I am arranging for the calls for evidence to be placed in the Libraries of both Houses. They will also be accessible through the balance of competences review pages on the Government’s website at: www.gov.uk/review-of-the-balance-of-competences.
PACE (Codes of Practice Revision)
My right hon. Friend the Home Secretary has today laid an order under section 67(7A) of the Police and Criminal Evidence Act 1984 (‘PACE’) which brings into operation amended versions of six of the PACE codes. The Police and Criminal Evidence Act 1984 (Revision of Codes A, B, C, E, F and H) Order 2013 will bring these revisions into operation on 27 October.
The codes which have been revised are A (stop and search), B (search of premises and seizure of property), C (detention of suspects), E (audio recording of interviews), F (visual recording of interviews) and H (detention of terrorism suspects). The revised codes have been laid before the House today and have all been subject to statutory consultation as required under section 67(4) of PACE. I will place a copy of the Government response to consultation in the Library of the House. Copies of the revised codes are available from the Vote Office.
The main changes to code A are the removal of references to stop and search powers under the Terrorism Act 2000 as a consequence of the introduction of amended terrorism stop and search powers in the Protection of Freedoms Act 2012 and an associated statutory code of practice. Powers under the Terrorism Prevention and Investigation Measures Act 2011 (‘TPIMS Act’) which are outside the scope of the terrorism stop and search code but which are subject to sections 2 and 3 of PACE have been added. Annex F (on gender and searching) has been deleted and superseded by annex L in code C.
Code B has been amended to include the powers under schedule 5 to the TPIMS Act to enter and search premises. We are also clarifying the default period within which a search warrant issued under PACE must be executed.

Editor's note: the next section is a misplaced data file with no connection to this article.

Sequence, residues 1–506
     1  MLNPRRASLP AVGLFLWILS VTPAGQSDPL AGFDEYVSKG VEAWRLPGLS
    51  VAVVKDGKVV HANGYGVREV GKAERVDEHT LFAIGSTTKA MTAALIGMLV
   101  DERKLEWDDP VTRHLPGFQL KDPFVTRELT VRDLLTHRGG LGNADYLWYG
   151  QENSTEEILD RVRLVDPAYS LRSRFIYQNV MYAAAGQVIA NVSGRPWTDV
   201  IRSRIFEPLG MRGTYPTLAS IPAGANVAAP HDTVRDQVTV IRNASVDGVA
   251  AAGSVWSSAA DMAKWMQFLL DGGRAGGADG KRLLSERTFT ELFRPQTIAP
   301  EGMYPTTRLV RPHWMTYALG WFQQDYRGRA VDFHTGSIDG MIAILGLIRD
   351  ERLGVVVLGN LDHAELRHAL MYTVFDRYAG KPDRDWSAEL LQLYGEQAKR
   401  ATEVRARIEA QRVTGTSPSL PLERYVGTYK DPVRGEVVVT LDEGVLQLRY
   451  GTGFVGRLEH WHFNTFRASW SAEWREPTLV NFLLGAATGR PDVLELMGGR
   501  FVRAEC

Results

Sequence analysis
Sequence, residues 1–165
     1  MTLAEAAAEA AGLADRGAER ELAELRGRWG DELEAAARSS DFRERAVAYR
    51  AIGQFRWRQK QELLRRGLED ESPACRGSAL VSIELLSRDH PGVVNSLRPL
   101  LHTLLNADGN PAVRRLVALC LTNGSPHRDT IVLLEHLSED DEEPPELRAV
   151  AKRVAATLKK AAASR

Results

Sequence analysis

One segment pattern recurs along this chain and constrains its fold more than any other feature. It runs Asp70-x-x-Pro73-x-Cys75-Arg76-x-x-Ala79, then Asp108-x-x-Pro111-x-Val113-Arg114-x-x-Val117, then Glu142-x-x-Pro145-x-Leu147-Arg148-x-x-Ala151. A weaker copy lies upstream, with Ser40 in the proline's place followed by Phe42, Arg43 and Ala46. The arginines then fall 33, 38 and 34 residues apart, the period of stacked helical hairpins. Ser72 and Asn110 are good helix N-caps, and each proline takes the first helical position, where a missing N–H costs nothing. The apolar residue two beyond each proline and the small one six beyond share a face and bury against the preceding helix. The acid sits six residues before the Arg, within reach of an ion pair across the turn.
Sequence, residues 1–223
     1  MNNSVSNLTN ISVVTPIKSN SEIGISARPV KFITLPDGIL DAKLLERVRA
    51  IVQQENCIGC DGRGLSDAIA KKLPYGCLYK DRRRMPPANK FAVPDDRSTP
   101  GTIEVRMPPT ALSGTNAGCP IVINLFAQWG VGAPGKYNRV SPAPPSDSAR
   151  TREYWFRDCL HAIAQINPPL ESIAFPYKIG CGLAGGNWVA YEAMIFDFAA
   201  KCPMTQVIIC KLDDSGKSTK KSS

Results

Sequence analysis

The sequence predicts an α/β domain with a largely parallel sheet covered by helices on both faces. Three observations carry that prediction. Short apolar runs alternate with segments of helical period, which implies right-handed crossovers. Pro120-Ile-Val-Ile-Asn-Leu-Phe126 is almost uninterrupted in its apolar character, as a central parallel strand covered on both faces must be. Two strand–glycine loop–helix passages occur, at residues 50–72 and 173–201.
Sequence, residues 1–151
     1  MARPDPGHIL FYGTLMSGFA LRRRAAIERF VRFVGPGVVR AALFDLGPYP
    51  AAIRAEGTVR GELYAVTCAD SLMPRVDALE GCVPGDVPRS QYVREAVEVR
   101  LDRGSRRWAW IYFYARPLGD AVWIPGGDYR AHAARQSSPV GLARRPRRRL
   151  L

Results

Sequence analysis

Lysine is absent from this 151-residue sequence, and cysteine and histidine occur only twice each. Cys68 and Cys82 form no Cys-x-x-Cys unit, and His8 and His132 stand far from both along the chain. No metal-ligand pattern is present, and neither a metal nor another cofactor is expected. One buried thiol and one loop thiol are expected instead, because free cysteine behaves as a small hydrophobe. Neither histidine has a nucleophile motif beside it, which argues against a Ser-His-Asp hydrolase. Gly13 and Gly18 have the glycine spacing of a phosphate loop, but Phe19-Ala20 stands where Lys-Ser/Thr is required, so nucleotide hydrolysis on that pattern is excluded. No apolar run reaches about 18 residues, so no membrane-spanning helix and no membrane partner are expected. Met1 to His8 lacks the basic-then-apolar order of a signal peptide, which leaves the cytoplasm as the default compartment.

Both codes A and B are being amended in line with section 48 of the Violent Crime Reduction Act 2006 which reduced the threshold for searching individuals on school premises for weapons from having a reasonable belief to having a reasonable suspicion.
Revisions to codes C and H follow from two legal obligations. The first is to transpose the legal obligations in the European Union directive 2010/64/EU on the right to interpretation and translation in criminal proceedings into UK domestic legislation. The amendments clarify and make explicit the requirement to ensure that suspects who need help to communicate with officers, and to understand the reasons for their detention in custody and the charges laid against them, are given access to an interpreter and written translations of documents as necessary. These revisions do not affect Welsh language schemes. The transposition date for the directive is 27 October 2013.
The second change to codes C and H is to comply with the High Court ruling in the judicial review HC v. (1) Secretary of State for the Home Department and (2) Commissioner of Police for the Metropolis. In compliance with the ruling, we are extending to 17-year-olds the current requirement that 10 to l6-year-olds detained in police custody are provided with an appropriate adult to assist them, and that a person responsible for their welfare (usually a parent or guardian) is informed.